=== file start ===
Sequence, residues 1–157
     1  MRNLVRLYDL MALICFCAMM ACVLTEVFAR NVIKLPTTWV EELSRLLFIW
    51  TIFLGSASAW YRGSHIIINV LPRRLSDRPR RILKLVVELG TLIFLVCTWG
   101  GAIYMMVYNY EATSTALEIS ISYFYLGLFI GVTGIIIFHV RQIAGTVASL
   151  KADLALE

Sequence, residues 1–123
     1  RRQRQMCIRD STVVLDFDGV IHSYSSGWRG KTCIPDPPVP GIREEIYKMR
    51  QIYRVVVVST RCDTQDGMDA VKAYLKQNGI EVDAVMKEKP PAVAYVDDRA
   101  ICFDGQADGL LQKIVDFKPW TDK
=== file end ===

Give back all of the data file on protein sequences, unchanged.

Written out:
Sequence, residues 1–157
     1  MRNLVRLYDL MALICFCAMM ACVLTEVFAR NVIKLPTTWV EELSRLLFIW
    51  TIFLGSASAW YRGSHIIINV LPRRLSDRPR RILKLVVELG TLIFLVCTWG
   101  GAIYMMVYNY EATSTALEIS ISYFYLGLFI GVTGIIIFHV RQIAGTVASL
   151  KADLALE

Sequence, residues 1–123
     1  RRQRQMCIRD STVVLDFDGV IHSYSSGWRG KTCIPDPPVP GIREEIYKMR
    51  QIYRVVVVST RCDTQDGMDA VKAYLKQNGI EVDAVMKEKP PAVAYVDDRA
   101  ICFDGQADGL LQKIVDFKPW TDK